A passenger rolls away a sleeping aid as she sits with her luggage at London Gatwick Airport on Friday as flights started to resume following the closing of the airfield due to a drone incursion. (BEN STANSALL/AFP/Getty Images)GETTY

 

Blog Editor’s Note: While the below “Forbes” article is focused on drones, it touches on GPS and jamming. More importantly, the points made about outdated laws and unprepared enforcement and prosecution are equally applicable to a host of technologies, especially GPS services. While legal systems almost always lag technology, it seems that this has become particularly pronounced for technologies using the radio frequency spectrum.

The primary governing statute in the United States, for example, is the Communications Act of 1934. We wonder if over the last 85 years technology might have evolved some. If, perhaps, radio frequencies are not vastly more important to every facet of life today than they were before WWII. If, perhaps, its not time for the FCC and Congress to put their heads together and restructure our legal regimes to protect some of the nation’s most important and valuable services.

 

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Ability To Stop Drone Attacks In U.S. Is Lacking, And It’s The Legal Vision As Much As The Tech

The Gatwick Airport drone incident has raised sudden awareness of the need for counter-drone technology, but just as important as the current lack of good solutions, the U.S. also has not yet developed the legal strategy and training to enable law enforcement and prosecutors to respond to these types of events and appropriately prosecute the perpetrators.

Gatwick Airport, which is just south of London, was shut down from late Wednesday through Friday morning by numerous sightings of drones flying over the airfield, causing major disruptions not only to travelers at the airport, but also at other connecting airports.

You may have asked, “Why can’t they just shoot it down? Don’t we have some technology that can prevent this?”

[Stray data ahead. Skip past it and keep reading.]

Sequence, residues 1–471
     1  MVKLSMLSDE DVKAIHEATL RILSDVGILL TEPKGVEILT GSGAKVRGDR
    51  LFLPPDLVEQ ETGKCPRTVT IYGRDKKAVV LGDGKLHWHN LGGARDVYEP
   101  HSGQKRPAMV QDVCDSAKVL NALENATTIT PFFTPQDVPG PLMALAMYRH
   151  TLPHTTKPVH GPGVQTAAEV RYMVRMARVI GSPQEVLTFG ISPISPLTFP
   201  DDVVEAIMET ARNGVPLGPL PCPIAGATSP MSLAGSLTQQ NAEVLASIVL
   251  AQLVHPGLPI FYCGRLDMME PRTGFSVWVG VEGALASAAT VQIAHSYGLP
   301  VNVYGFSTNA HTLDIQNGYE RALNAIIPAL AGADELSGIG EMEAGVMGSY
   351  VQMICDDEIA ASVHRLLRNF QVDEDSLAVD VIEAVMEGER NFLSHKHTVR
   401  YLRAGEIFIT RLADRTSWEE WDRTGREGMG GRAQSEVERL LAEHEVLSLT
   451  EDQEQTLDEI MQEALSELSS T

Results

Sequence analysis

Unfortunately, current counter-drone techniques have major drawbacks. There are two types: detectors and defenders.  Detectors do just that, detect drones using different methods (radar, radio waves, etc.). Defenders disrupt or destroy the unmanned aircraft using all sorts of creative technology: shotgun shells; jammers that disrupt the radio frequency signals between the drone and the pilot; GPS signal spoofers, which allow taking over control of the drone; lasers; and even trained eagles. Each of the types of technology has a different price tag and effectiveness for different types of scenarios.

While some of these techniques have been used effectively by the military in war zones and by intelligence agencies, such as jamming and GPS spoofing, they have been made illegal for unauthorized use by law enforcement in the U.S. due to the collateral damage that they could cause. In the United States, there are anti-jamming laws and anti-GPS-spoofing laws. It is illegal to damage or destroy an aircraft or hack into a drone. Civilians or authorities who used these counter-drone techniques would open themselves to extra lawsuit liability from plaintiff attorneys whose clients might have been hurt because of the illegal operation.

In using a jammer to take down a drone, it would also disrupt the use of that radio frequency spectrum in a wide area for a host of important functions, interfering with Wi-Fi and cellular communication signals and airport navigation aids, and potentially resetting equipment for power companies.

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Brad P

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